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To Kill a Mockingbird

by Harper Lee
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I need three uses of irony found in To Kill a Mockingbird.

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VERBAL IRONY.  When Scout "split my knuckle to the bone on his front teeth" in Chapter 9, her cousin Francis cries that Scout "called me a whore-lady and jumped on me!" Scout was going through a cussing phrase and must have picked up the term at school, or she certainly wouldn't have issued it to a boy!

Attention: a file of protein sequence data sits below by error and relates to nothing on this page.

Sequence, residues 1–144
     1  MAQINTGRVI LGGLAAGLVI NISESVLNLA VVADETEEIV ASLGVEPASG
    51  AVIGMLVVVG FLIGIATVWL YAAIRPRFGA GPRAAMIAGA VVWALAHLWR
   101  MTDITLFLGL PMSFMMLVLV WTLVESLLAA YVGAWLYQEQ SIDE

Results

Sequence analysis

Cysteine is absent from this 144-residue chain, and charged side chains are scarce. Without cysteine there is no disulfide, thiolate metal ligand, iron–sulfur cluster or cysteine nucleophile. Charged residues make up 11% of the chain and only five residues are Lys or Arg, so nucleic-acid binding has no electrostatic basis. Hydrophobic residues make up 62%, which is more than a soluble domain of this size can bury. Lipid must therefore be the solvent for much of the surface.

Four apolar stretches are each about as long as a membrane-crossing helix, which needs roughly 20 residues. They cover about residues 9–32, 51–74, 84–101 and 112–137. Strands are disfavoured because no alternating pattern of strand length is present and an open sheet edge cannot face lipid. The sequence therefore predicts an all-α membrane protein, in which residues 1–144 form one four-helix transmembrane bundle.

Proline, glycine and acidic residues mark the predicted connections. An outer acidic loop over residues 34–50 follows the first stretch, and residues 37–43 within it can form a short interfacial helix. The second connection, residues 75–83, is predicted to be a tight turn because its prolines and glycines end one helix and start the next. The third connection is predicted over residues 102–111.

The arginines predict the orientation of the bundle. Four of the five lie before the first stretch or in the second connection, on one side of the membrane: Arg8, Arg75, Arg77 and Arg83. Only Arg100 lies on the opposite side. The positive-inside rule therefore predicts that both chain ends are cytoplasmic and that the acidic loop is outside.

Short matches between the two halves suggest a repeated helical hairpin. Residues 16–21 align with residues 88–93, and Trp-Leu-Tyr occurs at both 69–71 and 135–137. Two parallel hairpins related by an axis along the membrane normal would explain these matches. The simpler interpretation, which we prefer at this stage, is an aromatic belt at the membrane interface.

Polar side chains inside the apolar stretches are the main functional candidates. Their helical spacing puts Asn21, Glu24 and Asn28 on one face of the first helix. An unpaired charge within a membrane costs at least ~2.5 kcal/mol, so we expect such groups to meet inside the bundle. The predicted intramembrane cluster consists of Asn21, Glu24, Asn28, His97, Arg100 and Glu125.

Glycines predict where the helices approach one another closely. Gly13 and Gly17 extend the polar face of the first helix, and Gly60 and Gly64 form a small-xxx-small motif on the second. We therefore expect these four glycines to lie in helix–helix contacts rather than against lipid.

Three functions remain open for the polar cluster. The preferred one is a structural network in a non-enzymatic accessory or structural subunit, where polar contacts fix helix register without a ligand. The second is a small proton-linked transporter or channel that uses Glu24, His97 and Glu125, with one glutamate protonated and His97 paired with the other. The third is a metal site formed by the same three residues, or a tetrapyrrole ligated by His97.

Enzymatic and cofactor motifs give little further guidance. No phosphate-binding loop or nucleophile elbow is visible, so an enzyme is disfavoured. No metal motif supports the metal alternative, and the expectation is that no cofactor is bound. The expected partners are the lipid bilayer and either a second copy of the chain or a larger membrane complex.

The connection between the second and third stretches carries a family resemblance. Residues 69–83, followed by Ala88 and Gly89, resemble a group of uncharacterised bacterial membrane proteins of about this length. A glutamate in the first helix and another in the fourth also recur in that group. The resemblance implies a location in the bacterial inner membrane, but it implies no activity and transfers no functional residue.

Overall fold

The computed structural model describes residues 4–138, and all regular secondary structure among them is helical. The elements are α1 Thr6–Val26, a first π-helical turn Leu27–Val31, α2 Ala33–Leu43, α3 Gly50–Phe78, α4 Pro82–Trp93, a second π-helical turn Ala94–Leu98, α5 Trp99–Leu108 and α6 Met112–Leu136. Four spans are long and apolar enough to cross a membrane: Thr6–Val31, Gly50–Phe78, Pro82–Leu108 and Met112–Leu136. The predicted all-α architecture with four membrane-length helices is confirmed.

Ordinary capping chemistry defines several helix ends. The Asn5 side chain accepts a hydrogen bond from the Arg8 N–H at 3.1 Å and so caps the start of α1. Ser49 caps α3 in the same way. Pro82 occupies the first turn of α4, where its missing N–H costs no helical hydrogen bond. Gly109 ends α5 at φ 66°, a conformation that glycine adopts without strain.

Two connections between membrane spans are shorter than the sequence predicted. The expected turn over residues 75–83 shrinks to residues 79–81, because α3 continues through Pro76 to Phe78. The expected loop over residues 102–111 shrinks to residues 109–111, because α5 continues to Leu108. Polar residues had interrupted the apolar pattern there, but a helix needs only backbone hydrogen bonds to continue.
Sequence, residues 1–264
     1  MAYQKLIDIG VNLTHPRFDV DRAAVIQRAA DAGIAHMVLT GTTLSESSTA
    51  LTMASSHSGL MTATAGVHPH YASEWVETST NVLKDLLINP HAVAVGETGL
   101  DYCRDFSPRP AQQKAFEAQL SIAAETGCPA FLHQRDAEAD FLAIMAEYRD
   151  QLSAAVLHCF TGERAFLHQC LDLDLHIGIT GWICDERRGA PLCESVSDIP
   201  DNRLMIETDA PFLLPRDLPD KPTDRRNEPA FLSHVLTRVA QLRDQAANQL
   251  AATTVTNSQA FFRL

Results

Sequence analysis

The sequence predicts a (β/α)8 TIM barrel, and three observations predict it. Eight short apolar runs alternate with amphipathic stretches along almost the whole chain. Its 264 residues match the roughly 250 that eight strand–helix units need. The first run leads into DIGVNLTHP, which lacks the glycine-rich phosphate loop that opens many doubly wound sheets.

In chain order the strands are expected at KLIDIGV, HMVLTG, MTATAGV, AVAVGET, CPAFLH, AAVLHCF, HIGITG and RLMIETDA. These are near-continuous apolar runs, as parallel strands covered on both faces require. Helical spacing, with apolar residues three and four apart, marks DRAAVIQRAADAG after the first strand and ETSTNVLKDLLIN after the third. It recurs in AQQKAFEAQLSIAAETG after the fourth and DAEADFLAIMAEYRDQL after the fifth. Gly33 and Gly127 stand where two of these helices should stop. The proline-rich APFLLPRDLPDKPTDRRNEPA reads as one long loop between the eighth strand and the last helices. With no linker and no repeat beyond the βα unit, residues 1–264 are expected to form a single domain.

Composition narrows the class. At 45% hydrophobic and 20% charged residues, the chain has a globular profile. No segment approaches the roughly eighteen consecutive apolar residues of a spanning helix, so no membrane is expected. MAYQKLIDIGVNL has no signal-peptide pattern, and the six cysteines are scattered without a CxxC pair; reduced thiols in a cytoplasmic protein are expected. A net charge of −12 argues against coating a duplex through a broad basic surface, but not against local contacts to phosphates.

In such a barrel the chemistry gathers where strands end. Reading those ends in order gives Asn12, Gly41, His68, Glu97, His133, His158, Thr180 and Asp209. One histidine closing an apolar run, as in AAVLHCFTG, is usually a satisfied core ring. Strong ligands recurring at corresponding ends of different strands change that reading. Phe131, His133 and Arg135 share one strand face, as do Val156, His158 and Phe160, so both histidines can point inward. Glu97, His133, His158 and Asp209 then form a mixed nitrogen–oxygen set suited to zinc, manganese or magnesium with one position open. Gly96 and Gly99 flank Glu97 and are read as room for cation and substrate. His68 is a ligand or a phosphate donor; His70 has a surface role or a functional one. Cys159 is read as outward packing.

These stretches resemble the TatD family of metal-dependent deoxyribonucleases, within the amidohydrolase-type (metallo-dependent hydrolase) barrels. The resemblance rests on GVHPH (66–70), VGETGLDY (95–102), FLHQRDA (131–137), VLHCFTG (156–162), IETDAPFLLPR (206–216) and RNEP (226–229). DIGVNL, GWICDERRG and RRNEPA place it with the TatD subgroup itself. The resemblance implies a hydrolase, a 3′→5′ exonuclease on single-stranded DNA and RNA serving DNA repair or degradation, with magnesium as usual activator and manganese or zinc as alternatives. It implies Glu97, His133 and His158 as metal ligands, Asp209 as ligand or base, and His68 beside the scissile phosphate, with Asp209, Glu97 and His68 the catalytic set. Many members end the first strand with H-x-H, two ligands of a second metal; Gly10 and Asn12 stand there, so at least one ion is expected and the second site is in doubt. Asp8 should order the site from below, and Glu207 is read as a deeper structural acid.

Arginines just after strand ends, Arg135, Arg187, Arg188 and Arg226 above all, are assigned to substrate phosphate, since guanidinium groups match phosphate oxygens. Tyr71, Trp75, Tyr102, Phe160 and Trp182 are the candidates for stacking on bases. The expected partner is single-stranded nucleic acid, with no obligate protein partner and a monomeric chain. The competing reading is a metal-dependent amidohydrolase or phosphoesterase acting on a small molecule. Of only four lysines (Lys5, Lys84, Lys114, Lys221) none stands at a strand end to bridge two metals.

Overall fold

SITUATIONAL IRONY.  When the lynch mob comes to the jail in Chapter 15, they ask Atticus if Tom is inside.

"He is," we heard Atticus whisper, "and he's asleep. Don't wake him up."

So, the men who have come to kill Tom respect his need for rest and continue the rest of their conversation in whispers--just as Atticus has demanded. 

DRAMATIC IRONY.  When Scout, with Jem and Dill, arrive at the jail just as the lynch mob is about to take Tom away in Chapter 15, Scout innocently asks Mr. Cunningham how he is doing. The others present understand the life-and-death situation that is unfolding--as does the reader--but the children do not. Scout shames the men into leaving, but she still doesn't understand the gravity of the situation. When Atticus turns away so the children do not see his tears, Scout unknowingly asks,

"What's the matter?"

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